Bayard Rustin, in shirt and tie, stands in front of NYC apartment building hung with protest sign, and looks purposefully skyward.

Pride Project #6 – Bayard Rustin

Black man in a shirt and tie standing in front of NYC apartment building hung with protest sign looks purposefully skyward

A painting a day for Pride Month. Today we celebrate Bayard Rustin.

Bayard Rustin was a Quaker and a pacifist who worked for social justice using civil disobedience. He fought segregation wherever he saw it: in the military, labor unions, NYC schools, on buses, in the internment system that forced Japanese Americans into camps during World War II. He organized Freedom Rides throughout the South. When he was imprisoned for refusing the draft, he fought segregation in prison dining halls.

In 1953, he was arrested for “sex perversion.” That charge was used to discredit him inside and outside the Civil Rights movement, with the result that he mostly served behind the scenes so that his homosexuality wouldn’t compromise the entire cause.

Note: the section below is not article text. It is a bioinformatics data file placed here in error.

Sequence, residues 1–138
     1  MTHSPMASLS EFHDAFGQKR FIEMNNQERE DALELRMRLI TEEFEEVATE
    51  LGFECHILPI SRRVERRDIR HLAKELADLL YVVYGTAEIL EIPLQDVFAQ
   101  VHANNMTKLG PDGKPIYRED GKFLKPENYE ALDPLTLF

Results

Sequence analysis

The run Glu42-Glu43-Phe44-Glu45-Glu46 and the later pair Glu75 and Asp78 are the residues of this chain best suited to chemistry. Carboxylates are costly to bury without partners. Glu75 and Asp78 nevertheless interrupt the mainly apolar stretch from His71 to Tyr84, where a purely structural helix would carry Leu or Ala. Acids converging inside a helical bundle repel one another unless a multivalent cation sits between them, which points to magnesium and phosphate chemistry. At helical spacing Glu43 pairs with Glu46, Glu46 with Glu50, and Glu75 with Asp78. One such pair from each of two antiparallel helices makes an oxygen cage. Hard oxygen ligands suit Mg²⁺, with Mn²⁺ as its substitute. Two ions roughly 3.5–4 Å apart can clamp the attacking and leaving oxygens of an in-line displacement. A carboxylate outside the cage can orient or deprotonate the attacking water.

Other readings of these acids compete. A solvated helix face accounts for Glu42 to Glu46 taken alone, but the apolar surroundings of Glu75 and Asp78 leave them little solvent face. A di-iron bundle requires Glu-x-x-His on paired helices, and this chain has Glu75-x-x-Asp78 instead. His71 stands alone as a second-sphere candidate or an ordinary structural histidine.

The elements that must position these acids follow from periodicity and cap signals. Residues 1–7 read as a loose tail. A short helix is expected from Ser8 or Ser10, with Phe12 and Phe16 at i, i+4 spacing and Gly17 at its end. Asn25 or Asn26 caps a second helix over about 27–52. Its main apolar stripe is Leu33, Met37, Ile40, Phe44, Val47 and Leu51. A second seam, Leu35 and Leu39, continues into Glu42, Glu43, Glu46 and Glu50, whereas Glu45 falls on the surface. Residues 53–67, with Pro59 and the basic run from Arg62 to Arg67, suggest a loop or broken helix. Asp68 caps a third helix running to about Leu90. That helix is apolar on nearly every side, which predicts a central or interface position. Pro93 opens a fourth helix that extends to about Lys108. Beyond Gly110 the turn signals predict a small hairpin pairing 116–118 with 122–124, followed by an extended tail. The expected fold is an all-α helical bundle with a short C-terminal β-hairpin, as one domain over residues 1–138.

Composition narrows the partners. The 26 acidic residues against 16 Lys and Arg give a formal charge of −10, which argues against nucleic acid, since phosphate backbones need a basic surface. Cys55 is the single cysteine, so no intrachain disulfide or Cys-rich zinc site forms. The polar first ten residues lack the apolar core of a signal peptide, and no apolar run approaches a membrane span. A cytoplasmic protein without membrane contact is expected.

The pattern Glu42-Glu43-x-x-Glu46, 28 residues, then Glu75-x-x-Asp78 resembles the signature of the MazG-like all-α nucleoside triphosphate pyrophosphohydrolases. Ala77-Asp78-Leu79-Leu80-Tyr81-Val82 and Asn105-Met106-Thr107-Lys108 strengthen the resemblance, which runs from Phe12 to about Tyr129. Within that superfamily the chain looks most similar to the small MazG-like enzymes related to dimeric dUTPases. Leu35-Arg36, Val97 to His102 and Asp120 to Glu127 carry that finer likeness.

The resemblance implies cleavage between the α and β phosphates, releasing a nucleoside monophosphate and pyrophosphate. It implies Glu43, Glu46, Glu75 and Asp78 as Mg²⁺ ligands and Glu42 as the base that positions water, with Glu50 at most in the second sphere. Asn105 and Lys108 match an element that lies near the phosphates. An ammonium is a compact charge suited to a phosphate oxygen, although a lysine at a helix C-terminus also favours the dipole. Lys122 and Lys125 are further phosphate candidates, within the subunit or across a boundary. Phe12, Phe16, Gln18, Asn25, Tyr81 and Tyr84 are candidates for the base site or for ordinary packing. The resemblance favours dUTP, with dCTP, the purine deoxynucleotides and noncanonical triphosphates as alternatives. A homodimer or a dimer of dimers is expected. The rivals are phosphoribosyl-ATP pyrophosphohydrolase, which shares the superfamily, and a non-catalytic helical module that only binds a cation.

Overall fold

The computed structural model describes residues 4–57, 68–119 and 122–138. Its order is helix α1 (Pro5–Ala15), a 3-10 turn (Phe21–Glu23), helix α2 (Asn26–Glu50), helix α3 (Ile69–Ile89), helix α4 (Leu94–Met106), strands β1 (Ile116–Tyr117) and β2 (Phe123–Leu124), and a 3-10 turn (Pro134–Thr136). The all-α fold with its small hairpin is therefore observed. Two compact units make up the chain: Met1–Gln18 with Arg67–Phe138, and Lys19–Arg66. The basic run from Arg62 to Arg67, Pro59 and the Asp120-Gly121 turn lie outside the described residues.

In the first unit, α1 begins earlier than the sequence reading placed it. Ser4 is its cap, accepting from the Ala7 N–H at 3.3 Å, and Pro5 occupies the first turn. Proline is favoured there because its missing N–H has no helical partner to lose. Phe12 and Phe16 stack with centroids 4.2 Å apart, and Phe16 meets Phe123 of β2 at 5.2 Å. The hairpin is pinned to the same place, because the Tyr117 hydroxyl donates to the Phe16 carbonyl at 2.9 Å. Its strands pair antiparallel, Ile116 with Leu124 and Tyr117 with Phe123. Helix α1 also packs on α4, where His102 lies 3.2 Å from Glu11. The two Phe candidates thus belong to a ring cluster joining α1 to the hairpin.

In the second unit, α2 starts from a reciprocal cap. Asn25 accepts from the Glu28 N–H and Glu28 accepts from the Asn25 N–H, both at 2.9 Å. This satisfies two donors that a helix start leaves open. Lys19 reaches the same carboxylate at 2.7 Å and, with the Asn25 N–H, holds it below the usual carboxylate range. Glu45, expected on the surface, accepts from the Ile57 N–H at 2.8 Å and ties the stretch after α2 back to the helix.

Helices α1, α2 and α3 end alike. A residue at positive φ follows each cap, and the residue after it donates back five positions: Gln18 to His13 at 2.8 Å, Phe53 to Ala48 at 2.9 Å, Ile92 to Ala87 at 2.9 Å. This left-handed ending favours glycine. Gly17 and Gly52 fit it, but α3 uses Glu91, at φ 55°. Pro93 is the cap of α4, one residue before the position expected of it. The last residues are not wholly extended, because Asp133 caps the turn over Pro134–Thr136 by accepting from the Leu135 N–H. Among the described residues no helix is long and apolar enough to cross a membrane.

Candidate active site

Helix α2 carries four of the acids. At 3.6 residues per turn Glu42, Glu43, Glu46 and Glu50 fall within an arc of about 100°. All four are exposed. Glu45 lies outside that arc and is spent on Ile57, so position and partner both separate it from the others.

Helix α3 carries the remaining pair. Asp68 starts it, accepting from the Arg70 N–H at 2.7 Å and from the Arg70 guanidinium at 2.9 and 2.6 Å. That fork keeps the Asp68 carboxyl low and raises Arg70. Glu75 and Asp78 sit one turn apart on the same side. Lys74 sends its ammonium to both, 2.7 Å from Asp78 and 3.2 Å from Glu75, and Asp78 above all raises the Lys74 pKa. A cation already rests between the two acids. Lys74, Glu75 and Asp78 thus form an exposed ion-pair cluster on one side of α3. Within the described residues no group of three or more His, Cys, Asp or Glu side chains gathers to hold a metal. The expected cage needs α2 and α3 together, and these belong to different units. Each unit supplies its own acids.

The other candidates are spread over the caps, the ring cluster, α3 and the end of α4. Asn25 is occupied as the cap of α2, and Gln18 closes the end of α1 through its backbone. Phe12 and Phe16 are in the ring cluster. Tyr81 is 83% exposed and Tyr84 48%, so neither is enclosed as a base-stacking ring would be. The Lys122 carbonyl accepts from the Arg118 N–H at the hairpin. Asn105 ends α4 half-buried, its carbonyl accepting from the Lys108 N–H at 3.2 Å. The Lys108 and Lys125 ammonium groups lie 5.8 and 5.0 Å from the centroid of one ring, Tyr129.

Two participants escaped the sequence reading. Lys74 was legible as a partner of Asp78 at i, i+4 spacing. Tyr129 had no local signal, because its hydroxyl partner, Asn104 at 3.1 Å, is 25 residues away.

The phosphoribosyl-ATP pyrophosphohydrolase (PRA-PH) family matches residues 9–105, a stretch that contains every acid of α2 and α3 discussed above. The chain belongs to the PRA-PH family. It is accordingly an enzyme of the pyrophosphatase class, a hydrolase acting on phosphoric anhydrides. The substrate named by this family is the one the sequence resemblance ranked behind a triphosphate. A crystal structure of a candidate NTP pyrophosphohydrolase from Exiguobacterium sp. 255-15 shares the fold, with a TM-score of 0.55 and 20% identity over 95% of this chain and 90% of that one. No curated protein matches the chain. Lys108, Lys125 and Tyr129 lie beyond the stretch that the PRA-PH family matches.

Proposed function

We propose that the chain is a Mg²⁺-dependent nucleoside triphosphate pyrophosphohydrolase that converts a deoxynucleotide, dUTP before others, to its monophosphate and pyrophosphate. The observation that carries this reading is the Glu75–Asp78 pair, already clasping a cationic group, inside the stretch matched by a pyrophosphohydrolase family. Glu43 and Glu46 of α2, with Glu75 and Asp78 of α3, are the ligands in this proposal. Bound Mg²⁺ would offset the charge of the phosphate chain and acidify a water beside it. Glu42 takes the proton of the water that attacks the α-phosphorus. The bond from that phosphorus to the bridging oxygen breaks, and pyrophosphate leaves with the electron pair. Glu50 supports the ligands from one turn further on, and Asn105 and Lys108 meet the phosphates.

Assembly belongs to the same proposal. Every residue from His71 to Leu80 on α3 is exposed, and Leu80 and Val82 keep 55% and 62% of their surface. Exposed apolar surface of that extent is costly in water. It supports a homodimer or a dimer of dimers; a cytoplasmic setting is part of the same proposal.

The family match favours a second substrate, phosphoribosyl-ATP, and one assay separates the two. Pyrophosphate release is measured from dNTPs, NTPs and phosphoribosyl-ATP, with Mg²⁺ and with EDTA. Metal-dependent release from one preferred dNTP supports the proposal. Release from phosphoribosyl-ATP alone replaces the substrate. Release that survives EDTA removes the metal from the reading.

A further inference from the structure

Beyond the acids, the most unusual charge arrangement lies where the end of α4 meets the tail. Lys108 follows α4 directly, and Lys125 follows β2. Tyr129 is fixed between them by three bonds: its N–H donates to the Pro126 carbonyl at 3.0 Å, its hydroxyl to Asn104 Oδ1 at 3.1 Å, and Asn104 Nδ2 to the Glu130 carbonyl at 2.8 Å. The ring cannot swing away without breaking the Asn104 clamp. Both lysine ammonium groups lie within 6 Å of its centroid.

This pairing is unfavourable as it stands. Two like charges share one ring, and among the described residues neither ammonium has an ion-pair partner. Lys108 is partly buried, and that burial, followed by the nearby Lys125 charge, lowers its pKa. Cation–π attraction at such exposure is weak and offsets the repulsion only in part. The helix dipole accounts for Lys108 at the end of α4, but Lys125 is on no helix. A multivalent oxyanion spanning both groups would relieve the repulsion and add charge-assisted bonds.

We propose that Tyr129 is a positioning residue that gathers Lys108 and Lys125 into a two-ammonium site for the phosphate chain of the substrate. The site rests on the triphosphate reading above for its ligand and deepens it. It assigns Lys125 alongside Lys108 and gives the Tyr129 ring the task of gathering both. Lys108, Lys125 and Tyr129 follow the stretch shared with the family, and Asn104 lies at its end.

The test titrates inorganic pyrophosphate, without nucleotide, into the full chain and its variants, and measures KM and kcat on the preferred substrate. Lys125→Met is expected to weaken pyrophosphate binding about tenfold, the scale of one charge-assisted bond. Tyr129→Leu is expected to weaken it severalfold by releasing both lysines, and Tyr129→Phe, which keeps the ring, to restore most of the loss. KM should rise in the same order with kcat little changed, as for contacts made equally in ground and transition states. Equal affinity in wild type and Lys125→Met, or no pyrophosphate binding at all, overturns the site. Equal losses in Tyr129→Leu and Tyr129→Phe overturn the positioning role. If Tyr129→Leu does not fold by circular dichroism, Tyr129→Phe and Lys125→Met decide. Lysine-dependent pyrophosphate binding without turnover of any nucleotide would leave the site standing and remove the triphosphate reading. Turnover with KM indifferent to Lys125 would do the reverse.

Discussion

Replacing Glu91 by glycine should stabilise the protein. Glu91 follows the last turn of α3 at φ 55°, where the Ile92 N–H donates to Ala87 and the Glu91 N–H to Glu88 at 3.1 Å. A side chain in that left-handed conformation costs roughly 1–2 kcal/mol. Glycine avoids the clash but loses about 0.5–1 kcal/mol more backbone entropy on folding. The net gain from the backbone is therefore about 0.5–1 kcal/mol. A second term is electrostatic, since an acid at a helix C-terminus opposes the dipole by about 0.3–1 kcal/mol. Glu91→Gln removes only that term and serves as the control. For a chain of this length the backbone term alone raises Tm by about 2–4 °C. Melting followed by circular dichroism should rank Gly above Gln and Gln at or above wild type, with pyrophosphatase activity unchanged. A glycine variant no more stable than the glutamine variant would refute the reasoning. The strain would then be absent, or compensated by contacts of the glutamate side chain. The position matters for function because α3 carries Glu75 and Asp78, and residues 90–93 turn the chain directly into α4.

In that background capacity, he advised Dr. Martin Luther King, Jr. and organized the March on Washington in 1963.

On a side note, he had a beautiful voice, and recorded several albums.

In 1982, he legally adopted his partner Walter Naegle, a not-uncommon practice in those days, because that was the only legal way for gay folks to protect their relationship and establish some rights in relation to each other.

In 2013, President Obama posthumously awarded Rustin the Presidential Medal of Freedom, our nation’s highest honor, which Naegle accepted.

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